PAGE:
Oh Yeah, They’re New

Whether it be across town or across the country, moving can be difficult.

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Mason Firestone '25 (bottom center), Cameron Firestone ‘21, and oldest brother Tyler Firestone (top left) at a beach in Harbor Springs, Michigan.

Ryan Langner, Online Editor

According to The New York Times, nearly 57% of Americans spend their entire lives in one state, with the majority of them living in the same metropolitan area in which they were raised in. Our routines, go-to restaurants, and familiar communities often lead us to turn down the potential idea of moving away from home. Nevertheless, job relocations and wanderlust, among other reasons, move thousands of Americans every year. 

Whether it be across town or across the country, moving can be difficult. It leaves people with a heap of stress and anxiety about the future. Extended family left behind, close friendships drifted apart, and daily habits turned upside down: all are co

A sunset from a dock in Pentwater, Michigan, taken from Firestone’s phone.

nsequences of a move. My family relocated from Southern California to Atlanta seven years ago, and we endured these challenges as we assimilated into a new culture. Cameron Firestone, a new junior at Marist, is experiencing a similar ordeal following her move from Birmingham, Michigan this year. 

“The transition wasn’t as bad as it could have been,” Firestone said, citing her previous residency in the Peach State, where she was born and lived until middle school. Firestone credits her friendship with current Marist student Madden Callahan ‘21 as “monumental” in helping her make new friends. Firestone “felt super lucky” to have Callahan show her the ropes at this unknown school. Friends since childhood, the two juniors are in the same Girl Scout troop and hiked across Iceland this summer with their fellow scouts.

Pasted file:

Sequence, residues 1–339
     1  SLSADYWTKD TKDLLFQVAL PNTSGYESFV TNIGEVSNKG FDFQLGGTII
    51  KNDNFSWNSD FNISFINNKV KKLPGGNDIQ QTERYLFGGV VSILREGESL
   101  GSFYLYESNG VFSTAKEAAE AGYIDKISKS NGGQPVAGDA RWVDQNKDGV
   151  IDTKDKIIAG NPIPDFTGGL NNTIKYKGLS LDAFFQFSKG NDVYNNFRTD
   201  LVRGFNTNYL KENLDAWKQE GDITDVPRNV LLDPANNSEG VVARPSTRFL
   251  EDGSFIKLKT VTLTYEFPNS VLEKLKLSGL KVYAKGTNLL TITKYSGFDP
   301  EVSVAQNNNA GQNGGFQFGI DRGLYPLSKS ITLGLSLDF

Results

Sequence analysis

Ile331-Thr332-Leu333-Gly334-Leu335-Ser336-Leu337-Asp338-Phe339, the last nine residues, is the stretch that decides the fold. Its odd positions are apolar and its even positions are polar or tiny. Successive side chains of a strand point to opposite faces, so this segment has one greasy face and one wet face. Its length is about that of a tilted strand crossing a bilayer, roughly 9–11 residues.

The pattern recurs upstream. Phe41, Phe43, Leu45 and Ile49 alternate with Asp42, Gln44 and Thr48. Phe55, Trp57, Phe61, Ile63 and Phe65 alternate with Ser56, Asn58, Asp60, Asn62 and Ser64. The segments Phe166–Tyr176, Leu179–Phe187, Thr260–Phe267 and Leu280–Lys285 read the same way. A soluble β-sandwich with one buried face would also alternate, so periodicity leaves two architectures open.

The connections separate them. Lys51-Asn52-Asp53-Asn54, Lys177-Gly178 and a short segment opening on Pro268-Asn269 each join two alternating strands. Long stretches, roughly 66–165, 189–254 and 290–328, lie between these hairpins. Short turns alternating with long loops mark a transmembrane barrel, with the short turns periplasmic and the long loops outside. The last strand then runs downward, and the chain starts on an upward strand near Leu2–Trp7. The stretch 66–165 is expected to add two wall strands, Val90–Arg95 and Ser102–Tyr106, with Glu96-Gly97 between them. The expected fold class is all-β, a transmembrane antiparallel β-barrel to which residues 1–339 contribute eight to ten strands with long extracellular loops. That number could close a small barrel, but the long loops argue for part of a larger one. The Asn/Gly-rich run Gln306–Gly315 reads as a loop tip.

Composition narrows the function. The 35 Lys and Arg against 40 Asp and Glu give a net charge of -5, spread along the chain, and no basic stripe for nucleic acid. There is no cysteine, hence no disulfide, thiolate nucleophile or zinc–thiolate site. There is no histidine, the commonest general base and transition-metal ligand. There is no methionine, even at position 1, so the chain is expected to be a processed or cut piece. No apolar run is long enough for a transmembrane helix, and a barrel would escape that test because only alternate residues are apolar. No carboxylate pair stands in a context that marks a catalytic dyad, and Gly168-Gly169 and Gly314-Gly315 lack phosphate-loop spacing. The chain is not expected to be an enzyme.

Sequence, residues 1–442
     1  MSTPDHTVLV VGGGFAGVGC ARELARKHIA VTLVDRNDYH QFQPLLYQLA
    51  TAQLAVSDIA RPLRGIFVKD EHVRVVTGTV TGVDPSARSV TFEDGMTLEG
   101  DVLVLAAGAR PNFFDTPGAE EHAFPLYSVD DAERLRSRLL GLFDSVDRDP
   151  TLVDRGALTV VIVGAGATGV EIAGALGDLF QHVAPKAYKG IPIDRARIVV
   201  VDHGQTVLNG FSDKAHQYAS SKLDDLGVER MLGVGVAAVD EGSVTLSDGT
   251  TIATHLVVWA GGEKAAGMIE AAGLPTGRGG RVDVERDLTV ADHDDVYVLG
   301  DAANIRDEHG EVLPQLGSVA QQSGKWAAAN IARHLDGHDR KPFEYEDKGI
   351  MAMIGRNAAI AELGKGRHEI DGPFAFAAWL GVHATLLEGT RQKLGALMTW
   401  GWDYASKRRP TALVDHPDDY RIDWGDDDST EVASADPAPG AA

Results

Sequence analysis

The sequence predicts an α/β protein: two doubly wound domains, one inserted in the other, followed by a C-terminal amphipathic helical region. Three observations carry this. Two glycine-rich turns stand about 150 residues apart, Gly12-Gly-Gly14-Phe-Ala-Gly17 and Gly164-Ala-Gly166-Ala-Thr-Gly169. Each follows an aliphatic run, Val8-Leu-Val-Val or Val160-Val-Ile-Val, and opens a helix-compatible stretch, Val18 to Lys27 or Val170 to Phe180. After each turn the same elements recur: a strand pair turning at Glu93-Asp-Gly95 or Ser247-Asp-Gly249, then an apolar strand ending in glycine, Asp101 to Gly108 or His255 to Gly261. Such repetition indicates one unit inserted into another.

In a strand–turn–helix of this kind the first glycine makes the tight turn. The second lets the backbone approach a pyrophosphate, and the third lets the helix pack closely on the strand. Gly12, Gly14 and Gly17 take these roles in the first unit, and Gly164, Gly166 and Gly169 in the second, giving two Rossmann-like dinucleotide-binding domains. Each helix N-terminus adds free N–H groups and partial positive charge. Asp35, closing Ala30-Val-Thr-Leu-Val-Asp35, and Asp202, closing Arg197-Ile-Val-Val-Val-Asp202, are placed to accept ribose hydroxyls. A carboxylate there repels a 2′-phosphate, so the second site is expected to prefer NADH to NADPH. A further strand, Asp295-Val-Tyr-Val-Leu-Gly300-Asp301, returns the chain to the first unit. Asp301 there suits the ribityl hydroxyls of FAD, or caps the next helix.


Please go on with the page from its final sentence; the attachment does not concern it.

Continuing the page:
Early on, Firestone found people at Marist extremely welcoming, especially when she was introduced to her peers on Orientation Day. By the time Schola Brevis rolled around, Firestone was happy to find that people made it a mission to come talk with her, “which always feels really nice as the new kid.” Firestone contrasted this experience with her first day of school in Michigan, where she did not know a single person and “didn’t feel as welcome there.” According to Firestone, there is a vast difference between having no friends at a school and having just one.

One perk of moving from Michigan to

(from left to right) Madden Callahan ‘21, Cameron Firestone ‘21, and their friend Bergen Thielen in Cameron’s old home of Birmingham, Michigan.

Atlanta has been the weather. “I do not miss the cold up north,” Firestone said. In Michigan, she plowed through snow and sprinted through subzero temperatures just to make it to first period. “Even breathing becomes difficult in the winter,” Firestone said. “The air is so cold that it hurts your chest when you take a deep breath.” 

Having previously lived in Georgia, Firestone loves the South and has enjoyed reconnecting with friends to whom she once said goodbye. But in spite of her southern roots, Firestone said Georgia could not have given her the experience of exploring a new place like Michigan did. 

Firestone believes her time in Michigan made her more open to considering colleges farther away. She is considering northeastern and mid-western schools, and her earlier experience has readied her to brave the cold and make new friends should it become necessary. But “different experiences [are] received at different colleges,” said Firestone, so if in-state universities like Emory or the University of Georgia prove to be a better fit for her, that will be perfectly okay, too.

For those Marist students who are lifelong Atlantans and have known some of our classmates since preschool at Christ the King School, you probably don’t know what it’s like to be the “new kid.” Luckily for Firestone and others, Marist has proven itself to be a hospitable place, making the transition to a new school far less daunting.